November Elite Admin: Jasmine Freeman, Office Dynamics



Chief Executive Assistant to the Founder and CEO of Office Dynamics, Joan Burge
 

Originally from Iowa, Jasmine made the leap of faith in 2006, when she attended a World Class Assistant Seminar hosted by Office Dynamics and learned that her mentor, Joan Burge, was looking for an assistant. She phoned Ms. Burge, interviewed for the position, and six years later, is making an impact on office professionals all over the world.

 Jasmine’s duties include, but are not limited to, arranging contracts with speakers and vendors, making travel arrangements for Ms. Burge, organizing Office Dynamic’s annual conference, event management, marketing, maintaining the Office Dynamic’s blog, and managing all social media outlets.

A day in the life of Jasmine Freeman

As a married, mother of four (ages 1-16), she has learned to balance work and personal life. Her day begins at 4:15 a.m. when the alarm goes off and by 5:30 a.m. she has either went on a run or performed P90X exercises with her husband. Afterwards, she dedicates time to free flow writing in a journal. By 6 a.m. she awakens the kids for their morning routine and is in the office by 7:30 a.m.
Her day starts with a one-on-one meeting with her assistant.  During the meeting they review tasks from the day before and discuss what’s ahead. Jasmine comments that this is an important meeting because it gets everyone on the same page. 

Brief daily team meetings affectionately called the “team huddle” or “pillar huddle” include the rest of the five office members.  The Pillar Huddle is a discussion of the five pillars of life: spiritual, career, family/relationships, wellness, and financial. In the “huddle,” members talk about their inner most personal feelings, attributes, and thoughts. The Pillar Huddle is modeled after a program Ms. Burge implemented where one member of the team shares something special that is related to one of the five pillars; it could be a video, quote, or article to build upon each of the pillars. The pillar huddle encourages self-expression and brings the group closer together as they learn more about each other on a personal and professional level.  

Manage yourself, then you can manage time and Stress

 

Aside from her many duties as a wife and mother, assistant to the CEO of Office Dynamics, and supervisor, she is a volunteer and leader in many organizations. She is a member of the International Association of Administrative Professionals (IAAP), Vegas Young Professionals (VYP), VYP Toastmasters, serves on the VYP Advisory Council, and is a recent graduate of the National Speakers Association Speaker Academy and former personal wine consultant. 


When asked how she manages so many responsibilities, she said, “Get to know who you are and where you want to be.”  For example, as someone who is a “morning person,” this is the best time of the day to hold meetings because she is more alert and open to informal conversations.  Optimizing work habits is another method for self-management. She wakes up early so that she has more time to get her daily routine started on the right foot.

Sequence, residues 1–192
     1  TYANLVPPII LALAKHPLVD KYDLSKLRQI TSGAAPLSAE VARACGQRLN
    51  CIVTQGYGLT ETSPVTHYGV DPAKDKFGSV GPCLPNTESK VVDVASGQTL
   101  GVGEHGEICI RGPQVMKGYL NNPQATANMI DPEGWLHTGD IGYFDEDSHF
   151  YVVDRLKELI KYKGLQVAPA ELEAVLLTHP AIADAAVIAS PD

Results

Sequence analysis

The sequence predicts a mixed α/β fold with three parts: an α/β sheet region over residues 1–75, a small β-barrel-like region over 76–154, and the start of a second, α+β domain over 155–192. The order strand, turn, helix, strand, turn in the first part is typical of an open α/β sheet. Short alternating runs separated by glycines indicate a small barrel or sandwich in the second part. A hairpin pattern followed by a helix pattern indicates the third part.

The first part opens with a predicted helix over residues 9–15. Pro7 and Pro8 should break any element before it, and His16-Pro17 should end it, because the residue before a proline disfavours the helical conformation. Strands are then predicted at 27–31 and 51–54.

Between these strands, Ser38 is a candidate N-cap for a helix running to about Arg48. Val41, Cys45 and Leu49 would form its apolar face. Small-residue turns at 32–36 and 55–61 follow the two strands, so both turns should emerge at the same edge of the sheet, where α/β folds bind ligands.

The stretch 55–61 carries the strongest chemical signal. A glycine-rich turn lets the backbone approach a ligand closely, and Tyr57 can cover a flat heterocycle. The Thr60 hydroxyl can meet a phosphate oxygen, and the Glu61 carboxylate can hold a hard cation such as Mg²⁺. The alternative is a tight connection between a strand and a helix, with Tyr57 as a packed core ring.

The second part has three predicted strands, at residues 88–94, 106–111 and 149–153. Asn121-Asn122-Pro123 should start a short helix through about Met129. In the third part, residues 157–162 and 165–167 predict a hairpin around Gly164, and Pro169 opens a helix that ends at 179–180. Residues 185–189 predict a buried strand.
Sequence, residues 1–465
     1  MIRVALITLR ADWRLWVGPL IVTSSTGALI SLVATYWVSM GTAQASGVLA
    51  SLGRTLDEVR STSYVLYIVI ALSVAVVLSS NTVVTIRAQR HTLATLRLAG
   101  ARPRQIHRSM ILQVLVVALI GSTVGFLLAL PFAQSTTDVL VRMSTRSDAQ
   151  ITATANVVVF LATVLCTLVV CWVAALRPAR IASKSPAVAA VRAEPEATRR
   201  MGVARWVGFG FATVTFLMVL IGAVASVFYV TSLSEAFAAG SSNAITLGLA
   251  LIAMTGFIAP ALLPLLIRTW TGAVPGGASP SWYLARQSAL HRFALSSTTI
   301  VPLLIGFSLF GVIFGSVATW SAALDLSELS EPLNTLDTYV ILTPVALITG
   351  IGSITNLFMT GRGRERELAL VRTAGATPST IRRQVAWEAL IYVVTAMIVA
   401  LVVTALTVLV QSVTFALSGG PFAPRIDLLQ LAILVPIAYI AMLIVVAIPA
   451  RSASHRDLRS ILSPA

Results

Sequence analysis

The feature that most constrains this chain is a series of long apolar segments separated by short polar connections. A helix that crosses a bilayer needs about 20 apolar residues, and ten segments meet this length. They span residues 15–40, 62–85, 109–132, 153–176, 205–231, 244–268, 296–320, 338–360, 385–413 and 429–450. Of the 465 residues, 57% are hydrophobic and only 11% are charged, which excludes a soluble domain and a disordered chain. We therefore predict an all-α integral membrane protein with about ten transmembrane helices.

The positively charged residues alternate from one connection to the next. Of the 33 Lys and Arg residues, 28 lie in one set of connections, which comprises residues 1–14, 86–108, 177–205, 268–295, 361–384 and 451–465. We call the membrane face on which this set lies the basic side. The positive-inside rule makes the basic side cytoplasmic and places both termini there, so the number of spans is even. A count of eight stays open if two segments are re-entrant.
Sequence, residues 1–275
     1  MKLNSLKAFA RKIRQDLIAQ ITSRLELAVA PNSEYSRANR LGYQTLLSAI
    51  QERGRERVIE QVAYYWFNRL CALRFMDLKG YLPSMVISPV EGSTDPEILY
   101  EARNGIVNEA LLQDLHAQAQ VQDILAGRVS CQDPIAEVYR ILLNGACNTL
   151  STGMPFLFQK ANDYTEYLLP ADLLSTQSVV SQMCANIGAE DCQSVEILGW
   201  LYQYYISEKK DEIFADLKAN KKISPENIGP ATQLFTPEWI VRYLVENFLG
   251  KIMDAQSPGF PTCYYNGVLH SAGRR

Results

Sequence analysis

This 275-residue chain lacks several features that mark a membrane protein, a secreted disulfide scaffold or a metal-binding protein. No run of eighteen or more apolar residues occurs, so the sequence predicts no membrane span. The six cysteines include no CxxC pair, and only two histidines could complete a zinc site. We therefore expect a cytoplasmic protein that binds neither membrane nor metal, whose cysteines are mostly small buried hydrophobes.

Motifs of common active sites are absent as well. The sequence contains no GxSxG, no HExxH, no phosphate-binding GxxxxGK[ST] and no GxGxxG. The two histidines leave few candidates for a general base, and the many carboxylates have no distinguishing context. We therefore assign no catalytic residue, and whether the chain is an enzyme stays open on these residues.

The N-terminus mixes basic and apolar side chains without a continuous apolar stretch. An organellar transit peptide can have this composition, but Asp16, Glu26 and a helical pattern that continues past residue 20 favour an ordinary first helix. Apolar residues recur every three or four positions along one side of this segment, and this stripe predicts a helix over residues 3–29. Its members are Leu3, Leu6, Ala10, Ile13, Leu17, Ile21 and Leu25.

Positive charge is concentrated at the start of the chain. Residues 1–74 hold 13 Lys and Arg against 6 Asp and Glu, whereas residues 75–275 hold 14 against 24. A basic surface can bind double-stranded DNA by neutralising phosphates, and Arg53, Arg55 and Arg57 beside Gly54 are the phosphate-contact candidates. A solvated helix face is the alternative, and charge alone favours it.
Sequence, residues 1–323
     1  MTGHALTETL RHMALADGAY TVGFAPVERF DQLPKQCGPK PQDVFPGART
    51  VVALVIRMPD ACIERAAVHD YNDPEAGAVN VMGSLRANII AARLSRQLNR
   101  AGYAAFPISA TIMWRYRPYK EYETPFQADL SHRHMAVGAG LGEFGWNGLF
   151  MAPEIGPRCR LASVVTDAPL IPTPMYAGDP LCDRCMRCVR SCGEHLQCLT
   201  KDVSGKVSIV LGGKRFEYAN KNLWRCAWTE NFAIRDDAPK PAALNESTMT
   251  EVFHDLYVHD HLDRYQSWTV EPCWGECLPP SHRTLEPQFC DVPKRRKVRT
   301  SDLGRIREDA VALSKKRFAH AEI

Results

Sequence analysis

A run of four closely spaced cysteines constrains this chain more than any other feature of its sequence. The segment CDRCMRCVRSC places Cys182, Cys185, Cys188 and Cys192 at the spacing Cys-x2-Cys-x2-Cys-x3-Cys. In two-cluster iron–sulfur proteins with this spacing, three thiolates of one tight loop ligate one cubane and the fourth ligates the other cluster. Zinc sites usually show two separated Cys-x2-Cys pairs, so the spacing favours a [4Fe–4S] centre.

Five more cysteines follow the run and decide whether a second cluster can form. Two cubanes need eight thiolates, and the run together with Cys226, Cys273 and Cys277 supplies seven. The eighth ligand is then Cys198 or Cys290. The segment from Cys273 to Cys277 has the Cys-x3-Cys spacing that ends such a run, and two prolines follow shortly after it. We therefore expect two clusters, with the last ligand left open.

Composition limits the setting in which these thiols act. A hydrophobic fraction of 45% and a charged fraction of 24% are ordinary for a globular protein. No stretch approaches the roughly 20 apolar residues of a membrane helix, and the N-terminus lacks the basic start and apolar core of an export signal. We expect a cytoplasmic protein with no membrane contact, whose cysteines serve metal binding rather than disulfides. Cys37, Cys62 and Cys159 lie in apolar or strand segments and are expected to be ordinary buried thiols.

Jasmine handles stress with a calm, even keeled, attitude.  She refers to herself as a “duck on the water.” Just as a duck sits quietly and graciously on the water, it is still mindful of its surroundings and acts quickly when threats are afoot. On the surface, she is calm with the confident attitude of “I got this!” Her strongest attribute is the ability to remain calm, cool, and collected and she will take over the reins when necessary.

Task management: organize then prioritize

 

When prioritizing tasks, she first organizes them using the A-B-C-1-2-3 System. She notes that every task has a folder. On a daily basis, she assesses what has to get done, first using the A-B-C process:
·          (A) important and urgent tasks
·          (B) important but not urgent tasks
·          (C) tasks that are not important or urgent at the moment, but are on the “radar”

After the A-B-C analysis, it’s time to number tasks in an order to complete for the day from the (A) pile, hence the 1-2-3 step:
·         (1) urgent and important
·         (2) important, but not urgent
·         (3) non-important or urgent but still need to be completed

Jasmine notes that she reevaluates her tasks every 3-4 days or as needed as priorities may have changed. The key is to identify the importance of tasks by first organizing them, and then the prioritizing process is much easier.

As the right hand woman to Ms. Burge, Jasmine refers to their relationship as a “synergistic partnership.”  This is the realization that it takes individuals working together to produce the best results.   Her advice to new administrative professionals just starting out in their career, “Get to know who you are and where you want to be, how to communicate with others using their preferred style, and keep learning, growing, and challenging yourself. Don’t leave that responsibility up to other people.”

Jasmine encourages getting connected and communicating with her peers in the administrative profession. Feel free to connect with her through your preferred outlet below.

Follow Jasmine on Twitter @OfficeDynamics
Connect with Jasmine on LinkedIn



3 comments:

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nomzam said...

I do agree with your thinking but frankly I do not like daily meetings in the office they always make me bored but they do work.

Sara said...

If you promote yourself and good ideas you can do whatever you want, now i am trying to develope with a few friends some to modify the interface of whats up